The exaggeration of the king’s features shows the influence of the Amarna style of art.


(via The Global Egyptian Museum | JE 60715)

23:53
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A gilded, wooden statuette of King Tutankhamun stands on a wooden boat that is painted to represent a papyrus boat.

Its details are picked out in gold leaf. The king, wearing the red crown of Lower Egypt, holds a harpoon poised to strike an unseen enemy.

According to the myth of Osiris and Isis, the king here represents their son, Horus, who avenged his father, Osiris.

His adversary, Seth, often portrayed as a hippopotamus or crocodile, is not depicted, as he is a potentially harmful image.

The figure of the king holds a bronze coiled chain to bind the animal, representing Seth, after spearing it.

The statue was found wrapped in linen in a varnish-blackened chest

(via The Global Egyptian Museum | JE 60710)

23:50
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A statuette of Tutankhamun that represents the king mummified in the traditional position of the god Osiris with his hands crossed over his chest. He is lying on a funerary bed decorated with two lion’s heads and is wearing the nemes headdress with a gilded uraeus on the forehead.

A falcon and a bird with a human head protect the sides and the torso of the king with their open wings. The falcon is the god Horus and the bird is the Ba, the animated manifestation of the deceased.

The statuette was found carefully wrapped in a linen cloth with several miniature agricultural tools similar to those provided for the shawabties.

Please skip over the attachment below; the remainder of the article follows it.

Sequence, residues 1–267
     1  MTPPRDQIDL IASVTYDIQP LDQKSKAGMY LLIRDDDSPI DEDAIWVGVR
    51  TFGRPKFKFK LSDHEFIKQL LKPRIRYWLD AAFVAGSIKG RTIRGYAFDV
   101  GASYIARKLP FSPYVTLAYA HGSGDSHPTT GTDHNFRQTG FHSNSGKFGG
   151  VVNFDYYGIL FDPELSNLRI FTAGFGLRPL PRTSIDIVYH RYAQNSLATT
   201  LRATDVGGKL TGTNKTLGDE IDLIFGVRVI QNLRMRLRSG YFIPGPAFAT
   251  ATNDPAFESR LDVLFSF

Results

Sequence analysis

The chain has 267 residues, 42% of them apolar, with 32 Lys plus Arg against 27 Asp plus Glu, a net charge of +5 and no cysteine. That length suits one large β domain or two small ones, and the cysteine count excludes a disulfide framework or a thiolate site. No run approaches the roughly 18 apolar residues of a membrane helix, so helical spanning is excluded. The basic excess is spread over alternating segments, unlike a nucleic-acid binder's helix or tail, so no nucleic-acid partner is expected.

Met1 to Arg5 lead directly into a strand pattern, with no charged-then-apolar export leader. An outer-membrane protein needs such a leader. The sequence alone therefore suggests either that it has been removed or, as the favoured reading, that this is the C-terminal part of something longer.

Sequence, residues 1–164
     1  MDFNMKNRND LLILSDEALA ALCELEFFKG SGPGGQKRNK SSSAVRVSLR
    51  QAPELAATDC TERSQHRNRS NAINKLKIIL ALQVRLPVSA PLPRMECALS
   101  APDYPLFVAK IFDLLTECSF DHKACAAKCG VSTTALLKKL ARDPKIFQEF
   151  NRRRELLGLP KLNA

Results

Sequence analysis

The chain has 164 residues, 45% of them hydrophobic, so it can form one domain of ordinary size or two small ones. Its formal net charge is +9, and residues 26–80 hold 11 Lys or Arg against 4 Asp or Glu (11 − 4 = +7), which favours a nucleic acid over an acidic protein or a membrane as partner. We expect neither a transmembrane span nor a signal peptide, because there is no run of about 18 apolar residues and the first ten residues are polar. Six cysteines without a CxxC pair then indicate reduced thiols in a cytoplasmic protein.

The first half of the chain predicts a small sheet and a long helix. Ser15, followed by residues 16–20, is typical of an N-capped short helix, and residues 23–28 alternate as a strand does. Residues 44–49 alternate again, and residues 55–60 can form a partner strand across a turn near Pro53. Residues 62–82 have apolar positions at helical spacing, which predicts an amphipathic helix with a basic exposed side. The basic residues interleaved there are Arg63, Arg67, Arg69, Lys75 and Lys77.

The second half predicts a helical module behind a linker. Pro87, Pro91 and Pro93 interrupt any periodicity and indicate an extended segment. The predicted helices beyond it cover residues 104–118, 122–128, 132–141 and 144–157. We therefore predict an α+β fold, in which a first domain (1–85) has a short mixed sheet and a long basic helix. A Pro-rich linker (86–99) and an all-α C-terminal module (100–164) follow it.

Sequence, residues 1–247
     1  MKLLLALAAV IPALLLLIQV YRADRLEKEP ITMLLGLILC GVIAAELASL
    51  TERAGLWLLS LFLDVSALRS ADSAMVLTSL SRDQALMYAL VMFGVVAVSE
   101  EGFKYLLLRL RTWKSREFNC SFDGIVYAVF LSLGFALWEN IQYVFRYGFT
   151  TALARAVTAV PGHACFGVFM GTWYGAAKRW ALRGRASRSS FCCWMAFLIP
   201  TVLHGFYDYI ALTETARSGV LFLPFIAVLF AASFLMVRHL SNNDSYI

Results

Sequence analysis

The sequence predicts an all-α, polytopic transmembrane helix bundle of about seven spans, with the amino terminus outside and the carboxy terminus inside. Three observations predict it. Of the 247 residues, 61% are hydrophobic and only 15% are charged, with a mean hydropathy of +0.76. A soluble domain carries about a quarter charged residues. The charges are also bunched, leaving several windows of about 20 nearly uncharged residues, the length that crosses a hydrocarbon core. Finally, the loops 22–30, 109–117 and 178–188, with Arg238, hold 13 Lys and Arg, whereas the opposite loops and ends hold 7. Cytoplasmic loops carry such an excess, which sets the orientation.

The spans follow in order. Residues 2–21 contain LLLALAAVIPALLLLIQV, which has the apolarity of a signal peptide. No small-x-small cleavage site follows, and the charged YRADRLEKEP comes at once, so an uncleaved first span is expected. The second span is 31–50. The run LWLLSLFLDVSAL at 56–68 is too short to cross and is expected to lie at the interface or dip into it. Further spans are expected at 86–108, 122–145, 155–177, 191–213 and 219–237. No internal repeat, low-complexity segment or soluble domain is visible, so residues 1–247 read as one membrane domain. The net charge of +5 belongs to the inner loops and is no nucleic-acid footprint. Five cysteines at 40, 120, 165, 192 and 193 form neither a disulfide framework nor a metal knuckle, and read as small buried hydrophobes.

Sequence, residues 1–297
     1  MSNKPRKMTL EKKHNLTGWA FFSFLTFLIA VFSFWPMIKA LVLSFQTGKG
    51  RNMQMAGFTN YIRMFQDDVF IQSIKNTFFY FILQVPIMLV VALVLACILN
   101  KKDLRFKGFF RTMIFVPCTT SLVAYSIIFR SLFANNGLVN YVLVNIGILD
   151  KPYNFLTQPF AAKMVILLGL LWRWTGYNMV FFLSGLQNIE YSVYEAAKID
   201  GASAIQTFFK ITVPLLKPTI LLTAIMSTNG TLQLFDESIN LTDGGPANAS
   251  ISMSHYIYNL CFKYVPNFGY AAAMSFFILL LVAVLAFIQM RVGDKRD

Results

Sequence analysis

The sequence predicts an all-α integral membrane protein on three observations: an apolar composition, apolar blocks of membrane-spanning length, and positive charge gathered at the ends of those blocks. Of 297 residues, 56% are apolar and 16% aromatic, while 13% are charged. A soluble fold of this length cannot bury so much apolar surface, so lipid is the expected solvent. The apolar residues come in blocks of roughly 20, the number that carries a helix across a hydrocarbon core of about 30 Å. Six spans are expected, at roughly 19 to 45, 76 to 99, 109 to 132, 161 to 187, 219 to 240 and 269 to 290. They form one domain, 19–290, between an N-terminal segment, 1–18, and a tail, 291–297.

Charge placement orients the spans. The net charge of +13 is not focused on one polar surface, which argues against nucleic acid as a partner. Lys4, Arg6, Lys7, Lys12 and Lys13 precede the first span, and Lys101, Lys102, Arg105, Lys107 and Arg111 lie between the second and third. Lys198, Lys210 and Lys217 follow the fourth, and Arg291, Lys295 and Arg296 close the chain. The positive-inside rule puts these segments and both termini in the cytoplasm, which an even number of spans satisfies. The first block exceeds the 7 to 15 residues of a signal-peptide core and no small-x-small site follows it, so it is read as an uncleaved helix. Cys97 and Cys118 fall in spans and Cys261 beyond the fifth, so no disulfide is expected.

The inscriptions on the statuette are a dedication by Maya, Tutankhamun’s scribe, who also gave the king a shawabti

(via The Global Egyptian Museum | JE 60720)

23:47
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This statue represents King Tutankhamun standing with his left leg forward. He is wearing the Red Crown of Lower Egypt adorned with the royal cobra (uraeus) at the front, the Usekh collar, a short pleated kilt, and a pair of sandals.

In his left hand, he is holding a long Heqa scepter with the top missing and in the right hand, the Nekhekh flail. This depiction of King Tutankhamun with the long neck, the swollen belly, and the low hips was clearly influenced by the art of the Amarna Period.

The statue was found, with six other statues of Tutankhamun, wrapped in bolts of linen with an inscription giving the date when they were carved, which was year three of the reign of King Akhenaten

(via The Global Egyptian Museum | JE 60713)

23:37
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The tomb of Tutankhamun contained many leopard heads like this gilded one. This head differs from others in having the king’s cartouche incised between the eyes. The leopard head adorned a garment that imitated the animal’s skin. This was the distinctive garment of the Sem priest.

The Sem priest was charged with revitalizing the mummified body of the pharaoh in the ritual known as the “Opening of the mouth.” If the deceased were his predecessor, the new pharaoh would supervise the ceremony dressed as a Sem priest.


(via The Global Egyptian Museum | JE 62629)

23:27
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A statue of the goddess Menkaret shows her carrying the seated statue of King Tutankhamun over her head. She is supporting the king’s back with her right hand and his feet with her left hand.

This is the position in which female Egyptian peasants carried water jars over their heads.

The king is wearing the Red Crown of Lower Egypt and the usekh collar; he is wrapped in a shroud like a mummy.

The goddess is standing with her left leg forward. She is wearing a long wig and a pleated kilt. Her swollen belly and low hips show the artistic influence of the Amarna Period.

This statue was used, with two others, in the mystical pilgrimages during the funeral of the king

(via The Global Egyptian Museum | JE 60716)